Near Newark in New Castle County, Delaware — The American Northeast (Mid-Atlantic)
A 250 million year old fossilized sea shell found in the Pencader Area
Delaware is the second smallest state in the country. However, we played an important role in the formation of the nation. Caesar Rodney rode from Lewes to Philadelphia to cast the deciding vote for independence in 1776. We were the first state to ratify the constitution in 1787.
Piedmont Rocks (crystalline rocks):
Metamorphosed (changed by pressure and heat) sedimentary rocks of the ancient North American Continent and adjacent ocean basin.
Igneous (formed by molten rock) and metamorphic rocks of a volcanic island arc that collided with the ancient North American continent during the convergence of tectonic plates (that formed the super coastal continent.)
Atlantic Coastal Plain Rocks:
Sedimentary rocks of the Cretaceous Period (230 million to 63 million years ago) deposited over the eroded surface of the metamorphic basement rocks after North America drifted away from Africa and Europe to form the Atlantic Ocean basin.
* From Pencader Hundred shipping was possible by either the Delaware River or the Chesapeake Bay.
* One third of the population of the United States now lives within a day's drive of Pencader Hundred.
* The shortest distance overland between the Delaware River Watershed and the Chesapeake Bay was through Pencader [,] which made this area the hub of Mid-Atlantic travel.
* The Native Americans used the rivers in the two riversheds to travel from the Piedmont to the Coastal Plain for food gathering and the trading of furs and materials such as jasper from Iron Hill. Their trails passed through Pencader.
* As European settlements grew into cities, Pencader remained a center point, lying midway between Philadelphia and Baltimore, New York and Washington, Boston and Richmond. Thus, travelers between these early urban centers passed through the area on their way to and from these early centers of commerce. Much of today's commerce follows the same early routes.
North to South cross section of canal
100 Million to 250 million years ago
250 million to 550 million plus years
Generalized northwest to southeast geologic cross section across the Pencader Heritage Area (PHA)
[start 3rd column]
The Christina drops 350 feet in 15 miles from it's source near Kemblesville, Pennsylvania to Smalley's Dam. This provided the water power to operate grist and saw mills.
Division between the Delaware River Watershed and the Chesapeake Bay Watershed
Typical Delaware fossils found along the canal
[start timeline across bottom]
When did it happen?
550 Million Years Ago
--- 550-350 Million Years ago
--- Volcanic action formation
--- of the Wilmington Complex
250 Million Years Ago
--- 250 Million Years Ago
--- Global action formed
--- the Coastal Plain
--- around these two
12,000 Years Ago
--- 12,000 BC to 10,000 BC
--- Evidence that Native
--- Americans occupied the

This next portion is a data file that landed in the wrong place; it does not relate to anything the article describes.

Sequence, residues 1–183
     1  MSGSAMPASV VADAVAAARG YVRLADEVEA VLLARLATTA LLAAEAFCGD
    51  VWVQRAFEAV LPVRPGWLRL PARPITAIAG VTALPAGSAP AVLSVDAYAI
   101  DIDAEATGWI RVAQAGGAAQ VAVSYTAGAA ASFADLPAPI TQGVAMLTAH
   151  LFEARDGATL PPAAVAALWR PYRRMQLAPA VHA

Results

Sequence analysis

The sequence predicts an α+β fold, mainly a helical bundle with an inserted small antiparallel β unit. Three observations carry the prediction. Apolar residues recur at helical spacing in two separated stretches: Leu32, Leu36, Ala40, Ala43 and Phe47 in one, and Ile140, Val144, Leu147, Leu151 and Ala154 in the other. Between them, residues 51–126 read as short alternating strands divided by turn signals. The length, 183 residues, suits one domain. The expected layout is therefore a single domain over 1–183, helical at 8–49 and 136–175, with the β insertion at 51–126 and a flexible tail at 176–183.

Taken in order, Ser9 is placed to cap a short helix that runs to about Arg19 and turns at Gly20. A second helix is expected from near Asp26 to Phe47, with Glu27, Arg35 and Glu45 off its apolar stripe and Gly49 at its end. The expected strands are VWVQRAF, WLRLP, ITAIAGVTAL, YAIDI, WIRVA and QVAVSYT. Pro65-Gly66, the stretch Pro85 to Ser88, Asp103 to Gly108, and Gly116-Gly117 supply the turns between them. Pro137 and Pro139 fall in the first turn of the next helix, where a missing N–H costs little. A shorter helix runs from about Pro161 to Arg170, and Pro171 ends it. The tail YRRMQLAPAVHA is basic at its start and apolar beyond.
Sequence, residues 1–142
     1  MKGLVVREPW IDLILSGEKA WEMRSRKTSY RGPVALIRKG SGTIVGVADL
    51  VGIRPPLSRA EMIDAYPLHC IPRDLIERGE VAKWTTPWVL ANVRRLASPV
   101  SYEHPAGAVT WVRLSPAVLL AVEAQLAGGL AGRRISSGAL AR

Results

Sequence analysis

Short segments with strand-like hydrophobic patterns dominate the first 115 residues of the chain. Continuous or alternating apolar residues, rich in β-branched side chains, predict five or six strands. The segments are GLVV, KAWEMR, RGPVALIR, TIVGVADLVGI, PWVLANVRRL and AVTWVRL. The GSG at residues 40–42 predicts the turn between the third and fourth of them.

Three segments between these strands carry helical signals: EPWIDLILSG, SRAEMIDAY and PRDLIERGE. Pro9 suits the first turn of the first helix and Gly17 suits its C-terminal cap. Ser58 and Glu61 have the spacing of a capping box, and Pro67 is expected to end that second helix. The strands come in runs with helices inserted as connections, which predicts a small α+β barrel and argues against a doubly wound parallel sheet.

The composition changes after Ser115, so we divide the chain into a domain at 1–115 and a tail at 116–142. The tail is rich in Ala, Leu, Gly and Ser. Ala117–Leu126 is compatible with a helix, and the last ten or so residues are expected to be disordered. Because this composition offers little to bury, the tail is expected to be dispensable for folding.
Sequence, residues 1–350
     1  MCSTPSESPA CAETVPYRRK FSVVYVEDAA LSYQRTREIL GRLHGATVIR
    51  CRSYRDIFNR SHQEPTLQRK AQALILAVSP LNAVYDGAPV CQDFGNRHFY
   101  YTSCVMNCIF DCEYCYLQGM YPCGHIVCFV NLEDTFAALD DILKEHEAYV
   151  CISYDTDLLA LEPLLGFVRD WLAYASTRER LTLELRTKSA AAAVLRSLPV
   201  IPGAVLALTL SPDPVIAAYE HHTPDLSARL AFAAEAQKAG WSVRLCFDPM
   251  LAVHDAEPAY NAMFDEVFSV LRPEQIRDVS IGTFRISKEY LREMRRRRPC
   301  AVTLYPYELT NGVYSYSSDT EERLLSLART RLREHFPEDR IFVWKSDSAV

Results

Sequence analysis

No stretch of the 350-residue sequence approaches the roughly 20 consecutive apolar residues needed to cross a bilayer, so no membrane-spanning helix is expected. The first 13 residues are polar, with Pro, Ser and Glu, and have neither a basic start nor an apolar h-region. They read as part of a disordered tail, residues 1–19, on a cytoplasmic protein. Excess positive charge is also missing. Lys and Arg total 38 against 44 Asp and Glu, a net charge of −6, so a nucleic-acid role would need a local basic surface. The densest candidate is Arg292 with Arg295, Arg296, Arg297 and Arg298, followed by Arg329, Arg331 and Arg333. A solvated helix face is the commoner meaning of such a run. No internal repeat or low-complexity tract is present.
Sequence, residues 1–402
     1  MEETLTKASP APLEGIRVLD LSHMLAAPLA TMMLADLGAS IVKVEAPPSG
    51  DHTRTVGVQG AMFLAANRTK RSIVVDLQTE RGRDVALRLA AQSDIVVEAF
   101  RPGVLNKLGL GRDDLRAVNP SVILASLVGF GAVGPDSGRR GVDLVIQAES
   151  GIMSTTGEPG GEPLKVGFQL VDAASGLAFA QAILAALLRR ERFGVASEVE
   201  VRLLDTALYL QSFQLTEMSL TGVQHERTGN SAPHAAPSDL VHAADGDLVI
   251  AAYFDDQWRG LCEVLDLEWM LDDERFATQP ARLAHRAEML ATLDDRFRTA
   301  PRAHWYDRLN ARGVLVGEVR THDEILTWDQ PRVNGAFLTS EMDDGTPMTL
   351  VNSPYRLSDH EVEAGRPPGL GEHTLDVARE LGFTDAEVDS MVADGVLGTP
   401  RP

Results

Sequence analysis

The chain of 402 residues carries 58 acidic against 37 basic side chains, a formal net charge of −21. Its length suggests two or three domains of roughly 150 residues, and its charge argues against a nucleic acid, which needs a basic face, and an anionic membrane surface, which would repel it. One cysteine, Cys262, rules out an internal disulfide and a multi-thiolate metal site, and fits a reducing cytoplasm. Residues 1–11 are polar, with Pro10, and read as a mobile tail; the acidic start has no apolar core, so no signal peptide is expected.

--- Pencader Area during their
--- summer migration
--- 1638: Swedes arrived on the
--- Kalmar Nyckel bringing European
--- agricultural practices to the
--- Pencader Area
Erected by Pencader Heritage Area Association.
Topics. This historical marker is listed in these topic lists: Environment • Native Americans • Settlements & Settlers. A significant historical year for this entry is 1638.
Location. 39° 38.462′ N, 75° 43.941′ W. Marker is near Newark, Delaware, in New Castle County. Marker is on Dayett Mills Road near Old Baltimore Pike, on the right when traveling south. This marker is to right of Delaware's Field of Valor marker. Touch for map. Marker is in this post office area: Newark DE 19702, United States of America. Touch for directions.
Other nearby markers. At least 8 other markers are within walking distance of this marker. American Position (here, next to this marker); Delaware's Field of Valor (here, next to this marker); Mason Dixon Line & the Boundaries of Delaware (here, next to this marker); Milling in Pencader Hundred (here, next to this marker); The Philadelphia Campaign (here, next to this marker); Enjoy the Pencader Area Today (here, next to this marker); Your Gateway to Pencader Heritage (here, next to this marker); The Battle of Cooch’s Bridge (here, next to this marker). Touch for a list and map of all markers in Newark.
More about this marker. In 1st column, Wilmington Complex paragraph, period should be outside the right parenthesis.
At bottom of 2nd column, I omitted extra letter "l" at end of "Heritage", in case a reader is not as familiar with English.
Near top of 3rd column,"it's" is used; should have been "its" (no apostrophe).
Credits. This page was last revised on September 28, 2020. It was originally submitted on September 8, 2020, by Carl Gordon Moore Jr. of North East, Maryland. This page has been viewed 101 times since then and 22 times this year. Last updated on September 27, 2020, by Carl Gordon Moore Jr. of North East, Maryland. Photos: 1, 2. submitted on September 8, 2020, by Carl Gordon Moore Jr. of North East, Maryland. • Bill Pfingsten was the editor who published this page.